IMPORTANT historic finds uncovered by archaeologists were shown to the public for the first time.
The relics from a previously unknown Roman settlement were unearthed during a nature project near Greatham village, on the outskirts of Hartlepool.
The discoveries have shed new light on the history of the area during the Roman’s late occupation on the banks of the Tees Estuary.
Around 200 people flocked to an open event at Greatham Community Centre where the artefacts went on show.
Gavin Robinson, of Northern Archaeological Associates, which uncovered the relics, said: “Between 150 to 200 people came along to see the artefacts , so it was a good day.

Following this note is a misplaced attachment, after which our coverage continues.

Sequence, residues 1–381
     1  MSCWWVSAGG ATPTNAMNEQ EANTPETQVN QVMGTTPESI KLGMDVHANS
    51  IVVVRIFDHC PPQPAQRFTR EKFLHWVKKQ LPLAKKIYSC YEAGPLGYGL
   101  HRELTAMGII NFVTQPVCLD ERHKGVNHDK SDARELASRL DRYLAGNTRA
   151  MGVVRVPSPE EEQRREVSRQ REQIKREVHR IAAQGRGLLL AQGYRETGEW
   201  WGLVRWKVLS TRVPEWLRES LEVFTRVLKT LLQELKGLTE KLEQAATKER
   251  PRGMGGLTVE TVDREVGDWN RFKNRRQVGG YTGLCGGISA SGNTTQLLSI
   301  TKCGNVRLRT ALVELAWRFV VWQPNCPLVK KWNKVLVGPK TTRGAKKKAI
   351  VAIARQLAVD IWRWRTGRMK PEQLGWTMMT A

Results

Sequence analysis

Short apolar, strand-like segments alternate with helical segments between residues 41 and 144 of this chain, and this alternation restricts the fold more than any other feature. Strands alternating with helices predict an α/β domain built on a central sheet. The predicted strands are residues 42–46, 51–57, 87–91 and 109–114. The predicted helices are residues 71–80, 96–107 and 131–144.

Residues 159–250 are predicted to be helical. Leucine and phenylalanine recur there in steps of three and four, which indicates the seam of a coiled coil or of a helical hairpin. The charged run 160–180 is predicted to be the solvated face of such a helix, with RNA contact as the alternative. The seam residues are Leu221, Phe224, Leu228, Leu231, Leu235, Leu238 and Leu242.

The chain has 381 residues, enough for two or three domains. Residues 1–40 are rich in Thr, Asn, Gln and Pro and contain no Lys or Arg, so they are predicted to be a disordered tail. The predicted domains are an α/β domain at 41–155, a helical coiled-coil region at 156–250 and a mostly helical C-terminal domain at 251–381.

“People were fascinated by the archaeology and everyone enjoyed themselves.
“What we found is regionally important because of what it tells us about how it features in the local picture of change during the late Iron Age and later Roman occupation.
“It is the first evidence we have come across of a settlement from the Iron Age on the north bank of the Tees Estuary.”
The finds were uncovered during the creation of a new wildlife habitat and flood management works at Greatham Creek by the Environment Agency.
It revealed a previously unknown funerary and settlement remains spanning several thousand years of activity between 4000BC and 410AD.
The artefacts are now being analysed by Northern Archaeological Associates.